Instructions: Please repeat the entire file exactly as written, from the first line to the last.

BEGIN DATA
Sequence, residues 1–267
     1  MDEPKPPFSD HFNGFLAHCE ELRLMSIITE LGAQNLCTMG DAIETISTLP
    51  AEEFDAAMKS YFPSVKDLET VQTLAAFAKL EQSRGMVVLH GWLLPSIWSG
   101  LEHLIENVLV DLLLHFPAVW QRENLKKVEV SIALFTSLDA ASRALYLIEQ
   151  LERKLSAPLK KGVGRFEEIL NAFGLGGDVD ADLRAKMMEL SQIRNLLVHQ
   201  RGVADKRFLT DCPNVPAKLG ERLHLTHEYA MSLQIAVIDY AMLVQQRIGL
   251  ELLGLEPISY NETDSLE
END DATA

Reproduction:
Sequence, residues 1–267
     1  MDEPKPPFSD HFNGFLAHCE ELRLMSIITE LGAQNLCTMG DAIETISTLP
    51  AEEFDAAMKS YFPSVKDLET VQTLAAFAKL EQSRGMVVLH GWLLPSIWSG
   101  LEHLIENVLV DLLLHFPAVW QRENLKKVEV SIALFTSLDA ASRALYLIEQ
   151  LERKLSAPLK KGVGRFEEIL NAFGLGGDVD ADLRAKMMEL SQIRNLLVHQ
   201  RGVADKRFLT DCPNVPAKLG ERLHLTHEYA MSLQIAVIDY AMLVQQRIGL
   251  ELLGLEPISY NETDSLE